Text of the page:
Saturday, April 15, 2006

College Visits

The major Sacramento newspaper reports:

[M]any high school seniors are making their final trips to the colleges that have accepted them, as the decision deadline approaches in early May. At the same time, some juniors are using spring break to start their searches.

These prospective college students are among more than 16 million students who will be enrolled in American colleges and universities this fall, according to the U.S. Census Bureau. With the price of tuition, room and board having doubled since 1990, the pressure to pick the right school is greater than ever.

This is good.

By the time my senior year started, I think I'd only ever set foot on one college campus--CSU Sacramento--and that was just to see a play in 9th grade. My family had always assumed that I'd go to college but no one knew how to make that happen and there certainly were no financial plans made. I'm too embarrassed to admit the extent of my ignorance about colleges and universities, even about their freakin' locations. I'm too embarrassed to talk about which schools I applied to, and why I chose the two civilian schools I did. The counseling that students receive at the school at which I teach towers over anything we received at my old high school--and I still stay in touch with my counselor and value the impact he had on my life.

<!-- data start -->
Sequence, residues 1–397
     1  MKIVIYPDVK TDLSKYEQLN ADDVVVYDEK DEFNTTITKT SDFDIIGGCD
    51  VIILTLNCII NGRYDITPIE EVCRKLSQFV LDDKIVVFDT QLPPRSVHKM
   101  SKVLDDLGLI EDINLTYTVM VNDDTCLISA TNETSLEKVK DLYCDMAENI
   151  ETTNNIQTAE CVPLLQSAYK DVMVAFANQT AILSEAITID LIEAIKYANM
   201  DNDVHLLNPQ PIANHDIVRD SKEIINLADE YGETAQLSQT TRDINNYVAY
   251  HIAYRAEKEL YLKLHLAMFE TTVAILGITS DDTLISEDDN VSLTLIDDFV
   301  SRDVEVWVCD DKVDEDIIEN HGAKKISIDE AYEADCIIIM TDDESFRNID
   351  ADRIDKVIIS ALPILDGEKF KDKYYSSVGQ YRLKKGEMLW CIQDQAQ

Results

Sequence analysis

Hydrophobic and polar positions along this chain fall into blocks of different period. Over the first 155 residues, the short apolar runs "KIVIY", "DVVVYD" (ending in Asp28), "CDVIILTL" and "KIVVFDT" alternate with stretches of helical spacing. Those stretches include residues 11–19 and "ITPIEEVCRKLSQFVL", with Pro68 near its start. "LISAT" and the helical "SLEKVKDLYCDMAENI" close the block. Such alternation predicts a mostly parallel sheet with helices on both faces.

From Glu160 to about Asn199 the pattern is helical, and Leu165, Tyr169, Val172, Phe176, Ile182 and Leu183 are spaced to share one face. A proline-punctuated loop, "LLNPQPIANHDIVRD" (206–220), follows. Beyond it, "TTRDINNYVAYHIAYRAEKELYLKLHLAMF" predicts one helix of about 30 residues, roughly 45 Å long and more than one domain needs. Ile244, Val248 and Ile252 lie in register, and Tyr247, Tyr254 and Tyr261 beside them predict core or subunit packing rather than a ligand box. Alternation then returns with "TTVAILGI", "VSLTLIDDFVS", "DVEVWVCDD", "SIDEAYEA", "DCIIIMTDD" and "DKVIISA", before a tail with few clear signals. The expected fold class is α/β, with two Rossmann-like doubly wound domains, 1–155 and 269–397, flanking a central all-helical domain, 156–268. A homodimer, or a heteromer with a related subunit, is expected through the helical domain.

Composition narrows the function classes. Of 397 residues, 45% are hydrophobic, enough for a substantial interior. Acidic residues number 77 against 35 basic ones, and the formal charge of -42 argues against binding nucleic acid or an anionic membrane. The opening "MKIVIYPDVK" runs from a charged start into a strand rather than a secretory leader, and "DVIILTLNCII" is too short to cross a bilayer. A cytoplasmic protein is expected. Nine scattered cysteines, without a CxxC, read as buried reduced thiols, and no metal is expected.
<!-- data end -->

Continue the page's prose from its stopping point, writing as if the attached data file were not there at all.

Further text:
The best way to really get the feel of a college campus may be to shut off the computer and go see it.

"I tell kids, 'If you attend a college you've never visited, it's like marrying someone you've never met,' " says Pat Stokes, a guidance counselor at C.K. McClatchy High School in Sacramento. "I feel very scared when a kid's going to college and they've never seen it."

I had only the vaguest idea of what West Point was like. Then again, that's probably a good thing!

Keep the weather in mind during your visit - could a California kid really handle a school located in a snowy or cold environment?
It was quite a change for me, that's for sure.

I consider myself fortunate. I came tenuously close to not going to college at all. I'm glad so many students today are getting a much better start than I did.

1 comment:

Superdestroyer said...

I disagree somewhat with the counselors. Most high school kids do not have a framework in which to judge universities. The visit does not really help that much. How many students will know to ask about registration issues, how to evaluate quarters versus semesters, and what the most common majors are. I keep pointing out that many universities admit to students to only some majors at a university.

The visit does give high school students a look at the surrounding neighborhood, a better look at the student body, and a look at the freshmen dorms.